After over a year in development, the proposed luxury apartment building at 105A S. Huntington Ave., called “Serenity,” is scheduled for a vote from the Boston Redevelopment Authority (BRA) on June 13, three days after a community meeting.
“The schedule for this appears crafted specifically to prevent adequate time for the community to review whatever it is that the developer and the BRA have agreed upon,” BRA-appointed Impact Advisory Group (IAG) member Kevin Moloney told the Gazette in an email. “This is wrong and does not serve well the interests of Jamaica Plain and Mission Hill.”
The developer is not required to hold any more community meetings at this point. Projects are not scheduled for a BRA vote until it is expected that they will be approved.
According to BRA spokesperson Melina Schuler, the developers have attended every meeting of the recently-approved “South Huntington Framework for Future Development Review” corridor plan, which address the types of developments preferred by the community and acceptable exceptions. The plan itself was prompted by the announcements of luxury apartment developments at 105A and 161 S. Huntington Ave.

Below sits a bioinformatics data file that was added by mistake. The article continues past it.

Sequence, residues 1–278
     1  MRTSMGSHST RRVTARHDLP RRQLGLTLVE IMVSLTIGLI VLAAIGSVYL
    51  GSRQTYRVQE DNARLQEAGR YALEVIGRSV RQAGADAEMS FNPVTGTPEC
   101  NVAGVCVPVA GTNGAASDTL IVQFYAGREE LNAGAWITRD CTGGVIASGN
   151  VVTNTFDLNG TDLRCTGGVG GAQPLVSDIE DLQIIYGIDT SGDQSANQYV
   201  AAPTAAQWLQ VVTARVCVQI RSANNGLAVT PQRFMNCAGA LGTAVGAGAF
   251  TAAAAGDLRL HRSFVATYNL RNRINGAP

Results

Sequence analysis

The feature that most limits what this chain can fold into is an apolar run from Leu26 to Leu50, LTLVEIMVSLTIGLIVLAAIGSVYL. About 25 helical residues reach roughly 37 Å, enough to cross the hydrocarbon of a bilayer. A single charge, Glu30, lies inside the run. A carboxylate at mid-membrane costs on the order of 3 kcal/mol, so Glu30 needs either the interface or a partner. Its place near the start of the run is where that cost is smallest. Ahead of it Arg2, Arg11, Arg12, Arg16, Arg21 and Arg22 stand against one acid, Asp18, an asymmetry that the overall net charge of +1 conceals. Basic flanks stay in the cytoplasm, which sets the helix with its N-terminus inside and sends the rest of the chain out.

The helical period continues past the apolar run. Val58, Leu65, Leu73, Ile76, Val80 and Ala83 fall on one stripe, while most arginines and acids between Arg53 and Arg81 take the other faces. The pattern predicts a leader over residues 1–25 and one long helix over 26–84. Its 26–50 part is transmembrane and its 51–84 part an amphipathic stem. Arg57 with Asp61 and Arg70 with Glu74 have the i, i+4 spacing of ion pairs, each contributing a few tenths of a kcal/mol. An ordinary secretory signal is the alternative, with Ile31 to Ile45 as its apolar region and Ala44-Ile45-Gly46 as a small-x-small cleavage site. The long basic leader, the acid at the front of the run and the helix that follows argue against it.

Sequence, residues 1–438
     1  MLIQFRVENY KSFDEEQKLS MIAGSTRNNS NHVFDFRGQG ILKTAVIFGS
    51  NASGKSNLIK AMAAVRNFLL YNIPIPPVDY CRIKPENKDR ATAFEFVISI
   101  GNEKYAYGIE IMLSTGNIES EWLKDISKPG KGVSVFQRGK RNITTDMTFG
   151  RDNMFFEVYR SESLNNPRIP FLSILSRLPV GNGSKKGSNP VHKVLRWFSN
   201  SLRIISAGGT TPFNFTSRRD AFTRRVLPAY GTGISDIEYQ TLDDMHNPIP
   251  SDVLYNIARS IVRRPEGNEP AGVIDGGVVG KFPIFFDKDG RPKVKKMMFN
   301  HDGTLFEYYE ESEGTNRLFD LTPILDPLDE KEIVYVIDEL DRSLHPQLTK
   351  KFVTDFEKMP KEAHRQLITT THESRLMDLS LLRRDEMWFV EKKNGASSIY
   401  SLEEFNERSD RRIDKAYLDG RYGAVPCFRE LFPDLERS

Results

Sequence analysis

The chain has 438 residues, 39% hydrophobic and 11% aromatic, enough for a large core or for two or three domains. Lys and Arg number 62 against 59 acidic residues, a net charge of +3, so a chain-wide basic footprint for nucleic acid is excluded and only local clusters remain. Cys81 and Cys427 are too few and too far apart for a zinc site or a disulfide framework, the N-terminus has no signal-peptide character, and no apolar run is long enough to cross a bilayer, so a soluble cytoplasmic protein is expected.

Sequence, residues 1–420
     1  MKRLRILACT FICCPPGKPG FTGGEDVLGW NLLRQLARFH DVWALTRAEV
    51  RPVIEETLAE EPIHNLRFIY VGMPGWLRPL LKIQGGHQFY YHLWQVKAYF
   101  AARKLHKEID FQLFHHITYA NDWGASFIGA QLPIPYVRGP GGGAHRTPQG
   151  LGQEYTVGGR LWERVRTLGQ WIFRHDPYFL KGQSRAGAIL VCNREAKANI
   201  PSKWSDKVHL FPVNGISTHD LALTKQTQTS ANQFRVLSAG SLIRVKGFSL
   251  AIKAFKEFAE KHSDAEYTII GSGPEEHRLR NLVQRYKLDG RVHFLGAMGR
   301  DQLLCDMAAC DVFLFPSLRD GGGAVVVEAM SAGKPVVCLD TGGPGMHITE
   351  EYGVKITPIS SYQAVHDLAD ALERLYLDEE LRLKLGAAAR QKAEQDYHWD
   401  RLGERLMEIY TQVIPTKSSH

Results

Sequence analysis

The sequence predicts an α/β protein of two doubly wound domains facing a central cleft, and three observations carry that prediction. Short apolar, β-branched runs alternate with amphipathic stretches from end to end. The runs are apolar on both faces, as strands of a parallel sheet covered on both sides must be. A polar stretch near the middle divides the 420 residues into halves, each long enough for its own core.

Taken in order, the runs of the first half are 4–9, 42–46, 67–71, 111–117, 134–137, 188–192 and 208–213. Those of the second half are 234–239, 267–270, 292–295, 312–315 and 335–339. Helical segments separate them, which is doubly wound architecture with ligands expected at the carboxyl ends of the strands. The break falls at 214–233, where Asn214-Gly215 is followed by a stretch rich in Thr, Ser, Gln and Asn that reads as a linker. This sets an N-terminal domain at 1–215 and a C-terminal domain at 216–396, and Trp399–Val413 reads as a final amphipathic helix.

The June 10 meeting was scheduled to update the community on changes made to the project since it was first presented in a public meeting last July, before the corridor plan process. Developer Tony Nader declined to comment on what those changes are, saying he’d rather wait until the meeting, “where everyone can be heard.”
“We’ve attended every public meeting on the [corridor plan] and listened to what all members of the community have had to say. We’ve met individually with many who care about the neighborhood and worked hard for months with the BRA to make this right,” Nader told the Gazette in an email.
“The BRA should immediately postpone any consideration of this matter by the BRA board for at least a month,” Moloney said.
During the corridor plan process, some residents expressed concerns that the guidelines are too friendly to the Serenity project, particularly by creating a “special height zone” that would not hinder the latest plan presented to the community called for a 10-story building.
Nader’s company, Cedar Valley Development, purchased the 1.1-acre parcel at 105A S. Huntington Ave. from the state in 2006.